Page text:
As Swedenborg explains in our reading from Arcana Coelestia #2395, there is a reason these statements about God's wrath, anger, and destruction of the wicked appear in the Bible. Some people who are not particularly thoughtful or loving need to believe that God has the power to destroy, and that he will use this power against those who displease him. To these people, a God who was only loving and never wrathful would look like a weak God. They themselves think of evil as powerful due to the powerful hold it has on their own minds and lives. They are not at a state of spiritual development in which they can realize that all power is in love, and that despite the outward appearance, evil is actually weak and self-destructive.

But the main reason for the appearance of divine wrath is that God wishes to reach out to all people, both the loving and the unloving, both the spiritual and the materialistic. And God will use whatever language it takes, gentle or harsh, loving or wrathful, to break through to people and induce them, if possible, to change their hearts, their attitudes, and their lives. For many people, this means pounding them with words of divine anger, wrath, and destruction wreaked upon sinful humans.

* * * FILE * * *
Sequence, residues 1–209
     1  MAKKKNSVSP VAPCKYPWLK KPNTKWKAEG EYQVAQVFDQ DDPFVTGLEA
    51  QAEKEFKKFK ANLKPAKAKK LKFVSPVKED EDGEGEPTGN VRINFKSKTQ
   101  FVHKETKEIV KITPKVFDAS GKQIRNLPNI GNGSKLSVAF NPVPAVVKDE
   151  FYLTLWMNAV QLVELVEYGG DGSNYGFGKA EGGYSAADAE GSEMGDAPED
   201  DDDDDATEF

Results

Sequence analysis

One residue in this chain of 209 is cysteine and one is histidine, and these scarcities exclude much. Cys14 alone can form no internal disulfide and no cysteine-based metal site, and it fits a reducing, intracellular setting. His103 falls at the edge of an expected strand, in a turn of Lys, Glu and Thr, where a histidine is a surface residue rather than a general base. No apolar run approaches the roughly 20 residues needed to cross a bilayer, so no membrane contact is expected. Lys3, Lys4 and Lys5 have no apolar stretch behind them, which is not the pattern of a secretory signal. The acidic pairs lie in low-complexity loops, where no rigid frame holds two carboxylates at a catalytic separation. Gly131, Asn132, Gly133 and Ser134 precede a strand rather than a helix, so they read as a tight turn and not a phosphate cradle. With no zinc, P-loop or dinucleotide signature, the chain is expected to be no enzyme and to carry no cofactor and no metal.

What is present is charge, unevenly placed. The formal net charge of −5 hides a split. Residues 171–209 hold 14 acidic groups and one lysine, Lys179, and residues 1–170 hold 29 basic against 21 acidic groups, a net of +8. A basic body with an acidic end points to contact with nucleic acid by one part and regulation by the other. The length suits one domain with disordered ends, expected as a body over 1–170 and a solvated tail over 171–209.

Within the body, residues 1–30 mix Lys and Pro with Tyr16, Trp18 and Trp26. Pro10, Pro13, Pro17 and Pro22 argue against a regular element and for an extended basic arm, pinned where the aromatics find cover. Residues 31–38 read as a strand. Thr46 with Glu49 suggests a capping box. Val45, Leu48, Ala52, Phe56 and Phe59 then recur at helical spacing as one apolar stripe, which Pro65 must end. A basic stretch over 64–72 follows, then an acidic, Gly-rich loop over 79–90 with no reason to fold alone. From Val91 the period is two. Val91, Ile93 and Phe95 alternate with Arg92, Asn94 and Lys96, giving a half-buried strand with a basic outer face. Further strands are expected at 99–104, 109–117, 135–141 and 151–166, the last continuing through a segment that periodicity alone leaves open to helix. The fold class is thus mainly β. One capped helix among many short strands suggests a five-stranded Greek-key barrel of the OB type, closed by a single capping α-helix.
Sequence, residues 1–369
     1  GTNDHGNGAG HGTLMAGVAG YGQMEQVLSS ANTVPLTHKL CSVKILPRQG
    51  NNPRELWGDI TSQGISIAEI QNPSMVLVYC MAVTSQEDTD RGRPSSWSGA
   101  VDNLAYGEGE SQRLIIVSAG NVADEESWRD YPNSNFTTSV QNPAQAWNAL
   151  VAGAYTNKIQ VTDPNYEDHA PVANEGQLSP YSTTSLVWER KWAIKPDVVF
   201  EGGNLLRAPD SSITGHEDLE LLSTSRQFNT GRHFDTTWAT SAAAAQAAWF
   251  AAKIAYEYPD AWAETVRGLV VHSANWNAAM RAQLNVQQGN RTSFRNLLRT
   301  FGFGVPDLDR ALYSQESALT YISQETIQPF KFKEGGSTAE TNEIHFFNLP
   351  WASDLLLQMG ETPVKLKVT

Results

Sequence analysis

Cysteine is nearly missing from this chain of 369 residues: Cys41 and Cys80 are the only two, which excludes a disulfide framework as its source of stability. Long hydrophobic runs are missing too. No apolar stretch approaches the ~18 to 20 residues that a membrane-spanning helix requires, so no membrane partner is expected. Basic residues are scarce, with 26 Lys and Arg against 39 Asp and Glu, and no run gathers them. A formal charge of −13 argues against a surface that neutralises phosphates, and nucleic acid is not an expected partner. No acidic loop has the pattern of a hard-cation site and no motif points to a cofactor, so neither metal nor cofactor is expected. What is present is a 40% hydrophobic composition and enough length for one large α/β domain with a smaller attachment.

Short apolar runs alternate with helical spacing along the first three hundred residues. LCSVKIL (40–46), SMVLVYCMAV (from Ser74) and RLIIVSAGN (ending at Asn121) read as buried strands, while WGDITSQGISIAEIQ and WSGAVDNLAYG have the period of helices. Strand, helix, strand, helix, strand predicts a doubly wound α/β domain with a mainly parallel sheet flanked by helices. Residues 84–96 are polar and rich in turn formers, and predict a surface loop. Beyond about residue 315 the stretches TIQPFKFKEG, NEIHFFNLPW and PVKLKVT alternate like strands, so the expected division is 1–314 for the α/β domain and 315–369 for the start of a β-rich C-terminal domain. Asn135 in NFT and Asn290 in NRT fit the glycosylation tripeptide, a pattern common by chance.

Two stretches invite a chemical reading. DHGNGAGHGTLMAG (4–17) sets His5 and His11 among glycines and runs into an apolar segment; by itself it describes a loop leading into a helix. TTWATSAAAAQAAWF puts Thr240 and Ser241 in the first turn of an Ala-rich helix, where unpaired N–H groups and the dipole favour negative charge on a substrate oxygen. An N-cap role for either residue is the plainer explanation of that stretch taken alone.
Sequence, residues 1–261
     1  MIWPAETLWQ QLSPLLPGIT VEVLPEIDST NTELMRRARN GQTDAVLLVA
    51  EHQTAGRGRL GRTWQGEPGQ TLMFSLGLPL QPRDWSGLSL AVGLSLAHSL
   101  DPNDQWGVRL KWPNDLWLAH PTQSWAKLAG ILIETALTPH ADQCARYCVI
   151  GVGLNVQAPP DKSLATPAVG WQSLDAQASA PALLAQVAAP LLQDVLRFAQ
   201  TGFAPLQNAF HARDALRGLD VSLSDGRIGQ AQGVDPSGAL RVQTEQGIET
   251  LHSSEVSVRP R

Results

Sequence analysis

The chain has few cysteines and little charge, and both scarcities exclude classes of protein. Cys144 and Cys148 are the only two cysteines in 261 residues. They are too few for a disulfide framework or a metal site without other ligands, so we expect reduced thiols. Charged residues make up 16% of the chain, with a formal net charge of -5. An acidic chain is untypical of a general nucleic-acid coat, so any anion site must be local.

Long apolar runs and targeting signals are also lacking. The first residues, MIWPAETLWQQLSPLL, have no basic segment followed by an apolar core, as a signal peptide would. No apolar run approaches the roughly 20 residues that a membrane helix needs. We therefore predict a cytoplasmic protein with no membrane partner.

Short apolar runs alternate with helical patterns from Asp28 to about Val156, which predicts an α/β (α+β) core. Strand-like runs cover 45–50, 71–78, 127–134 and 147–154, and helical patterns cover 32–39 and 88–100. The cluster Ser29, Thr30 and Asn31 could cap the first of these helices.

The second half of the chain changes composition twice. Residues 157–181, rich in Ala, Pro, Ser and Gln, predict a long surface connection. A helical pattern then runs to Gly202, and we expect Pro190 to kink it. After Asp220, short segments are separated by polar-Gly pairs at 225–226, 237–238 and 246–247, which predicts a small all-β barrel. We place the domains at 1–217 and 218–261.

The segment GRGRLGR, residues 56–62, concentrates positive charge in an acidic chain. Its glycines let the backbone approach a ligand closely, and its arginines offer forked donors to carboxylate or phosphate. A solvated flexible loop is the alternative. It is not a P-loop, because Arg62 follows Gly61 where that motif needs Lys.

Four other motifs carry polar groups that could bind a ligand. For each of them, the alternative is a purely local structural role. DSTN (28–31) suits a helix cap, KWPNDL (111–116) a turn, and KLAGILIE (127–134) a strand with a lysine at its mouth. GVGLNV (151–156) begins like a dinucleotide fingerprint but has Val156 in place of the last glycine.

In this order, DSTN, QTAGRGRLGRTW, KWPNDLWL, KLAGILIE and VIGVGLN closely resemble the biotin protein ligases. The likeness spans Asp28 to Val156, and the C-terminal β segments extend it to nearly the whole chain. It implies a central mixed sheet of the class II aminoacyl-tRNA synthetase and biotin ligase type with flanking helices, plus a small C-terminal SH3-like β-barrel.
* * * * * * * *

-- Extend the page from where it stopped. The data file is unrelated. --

This, however, is merely an appearance. God is not actually wrathful or destructive, but only appears that way to those who are caught up in evil thoughts and actions. This truth is beautifully stated later in Psalm 18, verses 25-27 where the Psalmist says to the Lord:

With the loyal you show yourself loyal;
    With the blameless you show yourself blameless;
With the pure you show yourself pure;